About Joseph Burns and Bara Vaida

Joseph Burns, a Massachusetts-based independent journalist, is AHCJ’s topic leader on health insurance. Bara Vaida is AHCJ's topic leader on infectious diseases. Her work has appeared in outlets that include MSNBC, NPR, Politico and The Washington Post.

Photo: Centers for Disease Control and PreventionThis is the CDC’s laboratory test kit for severe acute respiratory syndrome coronavirus 2 (SARS-CoV-2).

As the number of SARS-CoV-2 infections and deaths due to the COVID-19 disease increase daily nationwide, journalists are asking why the United States lags so far behind other countries in introducing clinical laboratory tests for the virus that causes the illness.

Some strong examples of such coverage in the last few days include “11 to 100,000: What went wrong with coronavirus testing in the U.S.?,” by Meg Kelly, Sarah Cahlan and Elyse Samuels at The Washington Post on March 30, and “The Lost Month: How a Failure to Test Blinded the U.S. to Covid-19,” by Michael D. Shear, Abby Goodnough, Sheila Kaplan, Sheri Fink, Katie Thoma s and Noah Weiland at The New York Times on March 28. Continue reading

Panelists advise journalists on how to vet specialists as COVID-19 sources

Bara Vaida

About Bara Vaida

Bara Vaida (@barav) is AHCJ's core topic leader on infectious diseases. An independent journalist, she has written extensively about health policy and infectious diseases. Her work has appeared in outlets that include the National Journal, Agence France-Presse, Bloomberg News, McClatchy News Service, MSNBC, NPR, Politico and The Washington Post.

Webcast Journalists racing to cover the unfolding COVID-19 outbreak in the U.S. should carefully vet sources they are quoting to minimize misinformation, two infectious disease experts a journalist told AHCJ members this week.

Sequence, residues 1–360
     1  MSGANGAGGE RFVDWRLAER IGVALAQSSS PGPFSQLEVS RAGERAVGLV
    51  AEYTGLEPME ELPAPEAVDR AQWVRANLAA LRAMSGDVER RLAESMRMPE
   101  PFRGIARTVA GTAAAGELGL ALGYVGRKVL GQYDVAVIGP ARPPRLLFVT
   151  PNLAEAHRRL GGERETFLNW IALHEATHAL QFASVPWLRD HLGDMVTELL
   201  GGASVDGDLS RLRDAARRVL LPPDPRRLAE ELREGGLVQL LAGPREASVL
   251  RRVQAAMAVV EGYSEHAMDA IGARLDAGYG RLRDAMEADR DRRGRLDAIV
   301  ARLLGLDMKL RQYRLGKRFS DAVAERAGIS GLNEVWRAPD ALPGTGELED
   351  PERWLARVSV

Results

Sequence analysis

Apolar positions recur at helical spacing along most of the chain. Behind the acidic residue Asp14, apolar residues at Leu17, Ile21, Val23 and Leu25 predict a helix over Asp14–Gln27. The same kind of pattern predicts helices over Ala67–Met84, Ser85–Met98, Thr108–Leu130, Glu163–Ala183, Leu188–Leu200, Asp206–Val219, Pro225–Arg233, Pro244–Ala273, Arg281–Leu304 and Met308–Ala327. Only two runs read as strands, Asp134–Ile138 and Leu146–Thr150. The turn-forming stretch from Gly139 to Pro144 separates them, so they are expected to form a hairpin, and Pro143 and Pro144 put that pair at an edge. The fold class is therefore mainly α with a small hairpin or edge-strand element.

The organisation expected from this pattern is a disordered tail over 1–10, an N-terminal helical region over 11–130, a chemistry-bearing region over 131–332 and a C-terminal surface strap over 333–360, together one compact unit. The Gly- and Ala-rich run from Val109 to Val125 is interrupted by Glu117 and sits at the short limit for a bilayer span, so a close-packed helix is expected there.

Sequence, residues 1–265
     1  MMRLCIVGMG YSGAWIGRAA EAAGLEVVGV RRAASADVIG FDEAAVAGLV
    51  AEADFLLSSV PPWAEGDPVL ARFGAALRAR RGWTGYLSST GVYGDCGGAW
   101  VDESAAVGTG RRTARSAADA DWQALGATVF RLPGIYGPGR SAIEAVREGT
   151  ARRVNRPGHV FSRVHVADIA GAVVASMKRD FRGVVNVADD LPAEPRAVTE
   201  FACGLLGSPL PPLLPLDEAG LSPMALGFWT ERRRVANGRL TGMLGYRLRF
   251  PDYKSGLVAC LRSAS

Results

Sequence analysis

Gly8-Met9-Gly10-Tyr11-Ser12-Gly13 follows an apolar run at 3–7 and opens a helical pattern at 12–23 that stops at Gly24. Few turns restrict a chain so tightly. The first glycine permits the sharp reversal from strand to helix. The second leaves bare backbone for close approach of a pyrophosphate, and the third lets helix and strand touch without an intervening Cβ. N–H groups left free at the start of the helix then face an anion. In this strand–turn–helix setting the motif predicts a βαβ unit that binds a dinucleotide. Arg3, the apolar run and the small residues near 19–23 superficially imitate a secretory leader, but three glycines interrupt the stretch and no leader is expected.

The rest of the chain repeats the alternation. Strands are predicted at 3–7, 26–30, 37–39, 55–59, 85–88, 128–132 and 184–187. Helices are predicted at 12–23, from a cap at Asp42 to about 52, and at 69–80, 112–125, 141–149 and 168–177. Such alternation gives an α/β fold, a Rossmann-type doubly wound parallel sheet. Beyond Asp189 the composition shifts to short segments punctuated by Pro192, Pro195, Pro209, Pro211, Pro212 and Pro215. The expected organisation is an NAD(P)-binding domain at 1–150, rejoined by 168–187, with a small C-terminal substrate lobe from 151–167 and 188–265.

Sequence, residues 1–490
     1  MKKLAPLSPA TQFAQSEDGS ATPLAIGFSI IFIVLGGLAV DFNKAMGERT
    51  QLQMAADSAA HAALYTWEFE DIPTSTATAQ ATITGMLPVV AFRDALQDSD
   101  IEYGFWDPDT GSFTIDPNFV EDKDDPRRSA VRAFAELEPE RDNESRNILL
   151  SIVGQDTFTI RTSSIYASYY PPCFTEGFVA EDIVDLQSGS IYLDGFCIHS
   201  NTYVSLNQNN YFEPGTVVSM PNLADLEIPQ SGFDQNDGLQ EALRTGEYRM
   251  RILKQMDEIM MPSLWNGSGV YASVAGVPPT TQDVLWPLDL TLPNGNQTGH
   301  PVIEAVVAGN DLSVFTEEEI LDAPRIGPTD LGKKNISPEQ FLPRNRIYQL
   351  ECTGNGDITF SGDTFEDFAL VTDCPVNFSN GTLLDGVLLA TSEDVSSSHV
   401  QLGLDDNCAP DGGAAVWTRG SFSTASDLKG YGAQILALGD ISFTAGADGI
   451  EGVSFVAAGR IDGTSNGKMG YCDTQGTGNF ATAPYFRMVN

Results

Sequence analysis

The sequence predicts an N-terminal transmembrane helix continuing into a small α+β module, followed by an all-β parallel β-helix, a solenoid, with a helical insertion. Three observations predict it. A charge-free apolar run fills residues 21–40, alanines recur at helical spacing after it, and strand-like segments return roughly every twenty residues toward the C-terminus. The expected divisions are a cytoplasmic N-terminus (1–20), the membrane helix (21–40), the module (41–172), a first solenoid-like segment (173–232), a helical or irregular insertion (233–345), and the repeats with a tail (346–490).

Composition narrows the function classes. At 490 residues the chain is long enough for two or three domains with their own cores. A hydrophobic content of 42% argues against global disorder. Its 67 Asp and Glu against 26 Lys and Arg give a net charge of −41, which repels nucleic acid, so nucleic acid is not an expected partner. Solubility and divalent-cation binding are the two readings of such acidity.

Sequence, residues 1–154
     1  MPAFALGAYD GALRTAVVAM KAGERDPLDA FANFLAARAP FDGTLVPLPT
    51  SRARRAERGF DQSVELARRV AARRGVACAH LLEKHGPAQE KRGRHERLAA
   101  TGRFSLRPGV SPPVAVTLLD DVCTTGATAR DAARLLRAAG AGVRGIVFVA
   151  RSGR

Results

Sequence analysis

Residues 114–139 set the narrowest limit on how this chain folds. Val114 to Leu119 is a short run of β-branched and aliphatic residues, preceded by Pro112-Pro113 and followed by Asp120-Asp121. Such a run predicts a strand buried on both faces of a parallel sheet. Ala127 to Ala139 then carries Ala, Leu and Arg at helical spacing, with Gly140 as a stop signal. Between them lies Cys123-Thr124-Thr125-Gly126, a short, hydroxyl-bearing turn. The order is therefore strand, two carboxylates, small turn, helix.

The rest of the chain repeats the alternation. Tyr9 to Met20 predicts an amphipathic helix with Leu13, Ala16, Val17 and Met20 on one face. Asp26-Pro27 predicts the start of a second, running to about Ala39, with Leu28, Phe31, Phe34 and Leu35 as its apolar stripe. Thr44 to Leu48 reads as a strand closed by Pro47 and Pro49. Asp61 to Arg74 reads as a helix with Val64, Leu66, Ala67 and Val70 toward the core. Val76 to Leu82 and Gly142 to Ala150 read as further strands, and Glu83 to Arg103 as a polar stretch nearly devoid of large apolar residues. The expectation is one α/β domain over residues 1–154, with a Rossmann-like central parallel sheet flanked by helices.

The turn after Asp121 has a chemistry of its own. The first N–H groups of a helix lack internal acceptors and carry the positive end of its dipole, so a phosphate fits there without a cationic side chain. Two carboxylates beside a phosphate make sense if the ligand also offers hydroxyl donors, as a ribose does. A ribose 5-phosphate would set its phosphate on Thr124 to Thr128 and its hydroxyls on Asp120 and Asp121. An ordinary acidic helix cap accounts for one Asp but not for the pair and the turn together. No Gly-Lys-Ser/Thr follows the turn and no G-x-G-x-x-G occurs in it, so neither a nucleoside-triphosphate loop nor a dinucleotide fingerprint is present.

It’s particularly easy for broadcast and social media to inadvertently amplify the voices of people who may not be experts on COVID-19. That makes it harder for the public to decide how best to protect themselves and their families from contracting COVID-19, the disease caused by the coronavirus SARS-CoV-19. Continue reading

Midterm elections changed prospects for Medicaid expansion

Joanne Kenen

About Joanne Kenen

Joanne Kenen, (@JoanneKenen) the health editor at Politico, is AHCJ’s topic leader on health reform and curates related material at healthjournalism.org. She welcomes questions and suggestions on health reform resources and tip sheets at joanne@healthjournalism.org. Follow her on Facebook.

The Commonwealth Fund’s Sara R. Collins, Ph.D., vice president for health care coverage and access, walked us through the prospects for Medicaid expansion and the ongoing controversy over work requirements in a recent webcast for AHCJ members. (The recorded webcast and her slides are here.)

Collins noted that the November midterm election changed the odds of expansion in at least six states – the three that approved ballot initiatives on expansion (Utah, Nebraska and Idaho) and three that elected pro-expansion Democratic governors to succeed Republicans (Kansas, Wisconsin and Maine.) Continue reading